Ian Bell

Ian Bell said that the presence of his young family helped him reach his century at Trent Bridge © Getty Images

Jul 17, 2013

England batsman Ian Bell, who scored a match-turning 109 in the first Test of The Ashes at Trent Bridge, said that the knock was his best against Australia.

“I think it was my best, in Ashes cricket definitely,” Bell was quoted as saying by the Telegraph. “I probably would not have been able to play that situation three or four years ago.”

Bell said that he took inspiration from his skipper Alastair Cook‘s prolific form in England’s tour of India last winter. “Having come from that tour of India where I watched the way Alastair Cook had played by bringing the tempo down a notch, I started to find a bit of rhythm doing that and I took that into Trent Bridge,” said Bell.

While the pitch at Trent Bridge was dry and took the pace off the quick bowlers, the one at Lord’s, which will host the second Test starting Thursday, is bound to offer some more pace.

Speaking about how he plans to counter Australia’s strong pace attack comprising Peter Siddle, Mitchell Starc and James Pattinson at Lord’s, Bell said, “The one thing you can guarantee about an Australian pace attack is that they will keep coming at you all day.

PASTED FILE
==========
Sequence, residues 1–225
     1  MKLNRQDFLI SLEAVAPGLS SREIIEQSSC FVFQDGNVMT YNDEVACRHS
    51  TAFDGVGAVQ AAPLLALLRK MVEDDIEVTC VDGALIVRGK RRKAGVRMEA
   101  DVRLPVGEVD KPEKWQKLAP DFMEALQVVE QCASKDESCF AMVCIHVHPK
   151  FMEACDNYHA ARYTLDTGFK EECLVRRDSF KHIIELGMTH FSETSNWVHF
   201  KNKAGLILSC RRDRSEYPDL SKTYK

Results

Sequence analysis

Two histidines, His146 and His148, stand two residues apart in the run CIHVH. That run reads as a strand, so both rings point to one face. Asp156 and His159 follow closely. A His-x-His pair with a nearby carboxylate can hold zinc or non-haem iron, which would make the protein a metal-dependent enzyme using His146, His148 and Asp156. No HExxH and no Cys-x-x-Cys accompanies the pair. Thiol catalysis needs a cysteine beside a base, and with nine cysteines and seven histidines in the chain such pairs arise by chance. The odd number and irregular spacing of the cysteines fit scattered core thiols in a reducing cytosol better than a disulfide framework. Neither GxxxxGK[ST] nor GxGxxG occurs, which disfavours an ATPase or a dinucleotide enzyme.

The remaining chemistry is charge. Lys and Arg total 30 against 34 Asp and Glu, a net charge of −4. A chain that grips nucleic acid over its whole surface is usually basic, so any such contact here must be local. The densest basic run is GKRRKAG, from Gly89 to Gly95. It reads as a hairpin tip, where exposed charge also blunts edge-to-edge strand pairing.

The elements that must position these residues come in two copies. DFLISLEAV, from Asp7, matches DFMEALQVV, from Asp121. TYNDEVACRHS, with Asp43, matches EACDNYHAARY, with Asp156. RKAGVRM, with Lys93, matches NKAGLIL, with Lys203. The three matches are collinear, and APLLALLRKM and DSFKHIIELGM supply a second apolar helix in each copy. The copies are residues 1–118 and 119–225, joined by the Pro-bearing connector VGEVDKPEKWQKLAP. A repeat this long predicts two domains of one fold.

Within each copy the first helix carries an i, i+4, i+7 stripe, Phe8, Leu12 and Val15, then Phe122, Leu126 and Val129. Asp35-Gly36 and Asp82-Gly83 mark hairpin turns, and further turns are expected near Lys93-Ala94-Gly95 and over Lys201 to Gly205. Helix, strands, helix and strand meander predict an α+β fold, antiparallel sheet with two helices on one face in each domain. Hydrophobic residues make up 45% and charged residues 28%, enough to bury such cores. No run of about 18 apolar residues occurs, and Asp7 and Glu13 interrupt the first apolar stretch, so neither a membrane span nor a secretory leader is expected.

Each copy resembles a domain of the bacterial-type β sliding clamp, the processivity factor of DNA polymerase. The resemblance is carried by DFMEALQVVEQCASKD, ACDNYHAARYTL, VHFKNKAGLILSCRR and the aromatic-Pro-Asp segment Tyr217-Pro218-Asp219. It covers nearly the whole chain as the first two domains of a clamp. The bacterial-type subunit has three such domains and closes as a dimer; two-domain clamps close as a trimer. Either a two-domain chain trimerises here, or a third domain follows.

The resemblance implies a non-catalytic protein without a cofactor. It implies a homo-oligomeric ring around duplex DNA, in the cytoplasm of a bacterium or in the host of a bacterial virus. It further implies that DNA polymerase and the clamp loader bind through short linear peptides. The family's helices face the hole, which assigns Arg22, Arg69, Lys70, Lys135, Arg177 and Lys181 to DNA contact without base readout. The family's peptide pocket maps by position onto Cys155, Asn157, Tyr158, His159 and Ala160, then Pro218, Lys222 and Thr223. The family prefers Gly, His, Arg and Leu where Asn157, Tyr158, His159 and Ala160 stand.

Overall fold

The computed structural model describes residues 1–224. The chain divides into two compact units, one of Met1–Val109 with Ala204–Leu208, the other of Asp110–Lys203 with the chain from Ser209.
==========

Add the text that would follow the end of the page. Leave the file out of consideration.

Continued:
“The bouncer didn’t really go through at Trent Bridge for Pattinson, who is sharp, but it looks like he will hit the bat hard at Lord’s. But, very typically Australian, they won’t give up which is why in Ashes cricket you cannot switch off even for an over or two.”

Bell became a father last December midway through the India series and said that it’s nice to have his young family with him during The Ashes, and that it helped him reach his century in the first Test.

“It is nice to completely get away from the game,” said Bell. “I think that helped when I was on 95 overnight [on Friday] at Trent Bridge. The family were at the hotel.

“Obviously, it wasn’t the best night’s sleep but it was nice to do other things and have some fun with them rather than just be sat in my room thinking: ‘Oh just five more runs to get tomorrow.’ Instead, I could worry about that when I got to the ground.”